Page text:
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Long-term optimism for margin lending but share outlook subdued

(Editor's introduction: League tables of the best-performing managed funds of 2019 featured geared funds prominently, but it was primarily driven by leverage into a booming market. We explained what happened in this article. At the same time, Investment Trends has surveyed another form of gearing, margin lending, and here is a summary of their findings).

Key highlights from the Investment Trends Margin Lending Adviser Report are:

  • Advisers’ views on gearing to invest are improving despite their subdued market outlook
  • Innovative products are key to rejuvenating the margin lending space.

Investment Trends has kept a close eye on the use and appetite for geared investment products in Australia for over a decade, tracking the rise in the popularity of margin lending products in the build up to the GFC and their subsequent fall. Total outstanding margin debt has remained largely steady since 2012, at around $10 billion, which is well below the $40 billion peak in 2007.

Chart 1: Margin debt outstanding in the direct, stockbroker and financial planner channel

Borrowers taking on much larger loans

Our research shows the profile of margin lending users evolving markedly over the past decade. While overall user numbers have fallen, a wealthier group of individuals has remained, with the level of outstanding margin debt per investor more than doubling between 2012 and 2019 (from $111,000 to $235,000). This group is also increasingly non-advised, with the share of outstanding margin debt held by direct investors increasing from 36% in 2012 to 48% in 2019 (outstanding margin debt among non-intermediated investors increased 3% to $5.3 billion in the 12 months to June 2019).

This smaller pool of wealthier investors appear less interested in short-term speculation and more inclined to use geared investments to build long-term wealth. Compared to a decade ago, these margin lending investors are also more conservative in their gearing levels, making them less likely to trigger margin calls (also check out Graham Hand’s excellent primer on the impact of geared investments here).

In 2019, the LVR for the average margin lending investor stands at 42%, significantly lower than levels seen prior to the GFC or the maximum level offered by lenders.

Advisers use for a select group of clients

In the intermediary channel, advisers are no less prudent and selective in recommending margin lending products. While 60% of full-service stockbrokers and 21% of financial planners provide advice on margin lending products, these advisers only do so for select clients (typically using these products for only one in ten clients).

However, both stockbrokers and financial planners are increasingly consider gearing to invest to be an appropriate strategy for their clients. The vast majority of stockbrokers believe their clients can benefit from the use of borrowings to boost investment returns (87%, up significantly from 72% in 2018), and this outlook is even stronger among financial planners (89%, up from 82%). Looking forward, advisers’ intentions to use margin lending have also recovered from 2018 lows (see Chart 2).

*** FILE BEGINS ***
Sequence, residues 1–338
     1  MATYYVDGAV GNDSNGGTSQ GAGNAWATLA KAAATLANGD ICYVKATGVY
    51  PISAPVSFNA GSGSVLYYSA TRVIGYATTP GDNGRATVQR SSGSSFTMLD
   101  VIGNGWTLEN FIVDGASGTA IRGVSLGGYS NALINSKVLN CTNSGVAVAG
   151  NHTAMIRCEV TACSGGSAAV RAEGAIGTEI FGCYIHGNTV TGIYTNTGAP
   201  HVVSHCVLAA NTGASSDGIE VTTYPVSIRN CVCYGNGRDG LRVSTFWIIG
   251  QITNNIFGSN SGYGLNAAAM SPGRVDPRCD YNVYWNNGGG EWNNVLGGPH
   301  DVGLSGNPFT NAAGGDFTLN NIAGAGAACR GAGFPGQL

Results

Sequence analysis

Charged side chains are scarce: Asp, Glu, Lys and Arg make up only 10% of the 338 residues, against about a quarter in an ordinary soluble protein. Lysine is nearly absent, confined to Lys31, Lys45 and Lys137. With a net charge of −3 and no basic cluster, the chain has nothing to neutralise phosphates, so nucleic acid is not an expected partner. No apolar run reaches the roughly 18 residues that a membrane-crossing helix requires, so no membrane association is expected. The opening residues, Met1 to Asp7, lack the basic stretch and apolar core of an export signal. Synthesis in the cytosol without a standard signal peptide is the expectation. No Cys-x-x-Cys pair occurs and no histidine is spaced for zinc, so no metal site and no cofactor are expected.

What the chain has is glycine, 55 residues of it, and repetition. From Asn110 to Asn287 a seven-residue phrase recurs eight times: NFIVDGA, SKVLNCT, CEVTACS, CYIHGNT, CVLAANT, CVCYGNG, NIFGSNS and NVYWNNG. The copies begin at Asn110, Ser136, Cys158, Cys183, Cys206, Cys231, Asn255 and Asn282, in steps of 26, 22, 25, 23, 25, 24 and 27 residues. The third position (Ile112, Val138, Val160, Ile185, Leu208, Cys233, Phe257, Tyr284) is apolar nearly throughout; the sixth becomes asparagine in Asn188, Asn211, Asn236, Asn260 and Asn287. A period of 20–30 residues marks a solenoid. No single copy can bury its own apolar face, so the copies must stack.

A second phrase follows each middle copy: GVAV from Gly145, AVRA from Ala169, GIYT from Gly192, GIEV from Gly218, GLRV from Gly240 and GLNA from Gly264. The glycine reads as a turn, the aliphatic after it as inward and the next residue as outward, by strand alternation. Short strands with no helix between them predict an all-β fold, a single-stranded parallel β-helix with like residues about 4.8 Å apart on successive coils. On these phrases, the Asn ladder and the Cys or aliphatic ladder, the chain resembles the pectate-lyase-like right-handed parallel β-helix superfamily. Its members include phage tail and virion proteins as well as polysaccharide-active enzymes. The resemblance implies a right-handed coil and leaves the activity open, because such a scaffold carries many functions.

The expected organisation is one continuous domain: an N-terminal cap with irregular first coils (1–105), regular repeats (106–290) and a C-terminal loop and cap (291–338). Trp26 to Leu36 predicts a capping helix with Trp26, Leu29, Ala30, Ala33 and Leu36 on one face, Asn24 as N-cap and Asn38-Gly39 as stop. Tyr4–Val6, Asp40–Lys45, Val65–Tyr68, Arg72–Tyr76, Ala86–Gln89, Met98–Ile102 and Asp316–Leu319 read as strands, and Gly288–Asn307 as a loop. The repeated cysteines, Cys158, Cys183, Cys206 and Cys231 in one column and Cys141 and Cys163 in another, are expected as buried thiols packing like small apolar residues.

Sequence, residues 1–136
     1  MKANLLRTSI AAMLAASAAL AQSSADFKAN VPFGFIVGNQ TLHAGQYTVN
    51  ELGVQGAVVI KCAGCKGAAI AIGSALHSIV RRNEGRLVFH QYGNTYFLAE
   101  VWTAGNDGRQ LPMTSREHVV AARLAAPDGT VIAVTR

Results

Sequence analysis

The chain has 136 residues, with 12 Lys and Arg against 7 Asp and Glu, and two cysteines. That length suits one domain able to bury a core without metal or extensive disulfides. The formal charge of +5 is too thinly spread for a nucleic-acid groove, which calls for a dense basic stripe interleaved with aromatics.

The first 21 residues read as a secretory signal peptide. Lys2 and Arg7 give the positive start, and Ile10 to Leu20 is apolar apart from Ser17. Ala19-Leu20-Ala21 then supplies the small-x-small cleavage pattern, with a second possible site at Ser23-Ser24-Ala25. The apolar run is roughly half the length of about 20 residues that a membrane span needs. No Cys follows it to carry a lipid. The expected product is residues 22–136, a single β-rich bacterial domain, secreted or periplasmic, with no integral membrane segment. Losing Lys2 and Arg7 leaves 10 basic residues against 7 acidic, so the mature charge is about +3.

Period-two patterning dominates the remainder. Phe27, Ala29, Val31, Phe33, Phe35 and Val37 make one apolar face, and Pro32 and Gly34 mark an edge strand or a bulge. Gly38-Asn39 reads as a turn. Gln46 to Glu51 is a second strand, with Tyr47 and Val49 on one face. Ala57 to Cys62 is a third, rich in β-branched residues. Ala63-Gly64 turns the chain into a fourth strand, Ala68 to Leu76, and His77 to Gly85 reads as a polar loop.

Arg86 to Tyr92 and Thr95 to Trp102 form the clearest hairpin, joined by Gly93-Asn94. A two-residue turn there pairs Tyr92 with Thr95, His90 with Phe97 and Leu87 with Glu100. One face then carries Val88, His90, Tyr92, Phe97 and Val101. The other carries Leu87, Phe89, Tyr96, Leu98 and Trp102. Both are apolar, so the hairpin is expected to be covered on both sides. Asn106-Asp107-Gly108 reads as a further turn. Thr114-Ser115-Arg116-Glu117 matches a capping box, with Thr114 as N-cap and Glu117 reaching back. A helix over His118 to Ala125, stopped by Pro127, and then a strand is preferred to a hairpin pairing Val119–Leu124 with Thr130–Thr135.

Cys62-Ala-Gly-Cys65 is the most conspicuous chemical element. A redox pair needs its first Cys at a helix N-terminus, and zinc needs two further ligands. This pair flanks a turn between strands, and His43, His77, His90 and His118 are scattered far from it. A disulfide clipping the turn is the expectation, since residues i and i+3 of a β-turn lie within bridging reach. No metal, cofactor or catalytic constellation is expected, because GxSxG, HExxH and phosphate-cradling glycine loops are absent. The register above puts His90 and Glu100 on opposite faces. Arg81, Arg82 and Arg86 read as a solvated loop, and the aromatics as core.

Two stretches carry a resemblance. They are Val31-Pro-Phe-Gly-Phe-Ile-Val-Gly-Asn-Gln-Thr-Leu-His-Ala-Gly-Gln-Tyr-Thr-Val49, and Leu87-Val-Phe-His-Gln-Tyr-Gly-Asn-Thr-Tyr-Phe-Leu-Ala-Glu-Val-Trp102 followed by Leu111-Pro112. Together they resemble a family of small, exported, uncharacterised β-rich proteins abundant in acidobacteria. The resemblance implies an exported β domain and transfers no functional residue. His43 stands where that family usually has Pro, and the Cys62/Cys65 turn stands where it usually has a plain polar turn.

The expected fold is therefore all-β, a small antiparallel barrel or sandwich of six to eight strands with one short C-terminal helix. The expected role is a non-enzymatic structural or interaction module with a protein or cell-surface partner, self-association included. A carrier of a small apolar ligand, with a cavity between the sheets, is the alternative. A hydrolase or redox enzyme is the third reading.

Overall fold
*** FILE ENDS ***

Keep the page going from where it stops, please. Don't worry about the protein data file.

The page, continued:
Chart 2: Intentions to increase/decrease use of margin lending among stockbrokers and financial planners

Outlook for shares not strong

While their views on gearing to invest are improving, advisers’ outlook for domestic equities remains subdued. The average adviser expects the All Ordinaries Index to rise by less than 2% over the coming 12 months, or vastly lower than the levels observed prior to 2019 (see Chart 3). The fact remains, many advisers consider gearing products in their advice process – as part of their best interest duty to their clients – irrespective of their views on geared investments.

Chart 3: Stock market return expectations among investors, stockbrokers and financial planners

Dormant users may reactivate

Activating or reactivating the advice channel is a growing issue for the margin lending industry. A quarter of stockbrokers and nearly half of planners (43%) have used margin lending in the past with clients but no longer do so. Still, these dormant users are open to resume their usage, with 71% of stockbrokers and 78% of planners saying they can be encouraged to start using the credit product again.

A key catalyst to convert interest into action is improved product features. Compared to last year, significantly more stockbrokers tell us they would be encouraged to use these products if they could structure loans that avoided margin calls (23%, up from 9%) and were given more choices to protect their clients’ initial capital (12%, up from 5%).

While innovative products are key to rejuvenating the margin lending space, lenders must continue maintaining their high levels of service and support, particularly their Business Development Manager support. A good BDM relationship is among the top three reasons why advisers favour their main lender aside from its good reputation and range of approved shares and funds.

The greater the support and education they receive from lenders, the better that advisers will be equipped to evaluate and utilise these geared investments for their clients.

About the Report

The Investment Trends 2019 Margin Lending Adviser Report examines the use of gearing to invest among Australian stockbrokers and financial planners. The study is based on a survey of 182 financial planners and 200 stockbrokers who provide financial advice, concluded in November 2019.

 

Recep Peker is Research Director at Investment Trends. This article is general information and does not consider the circumstances of any person.

 


 

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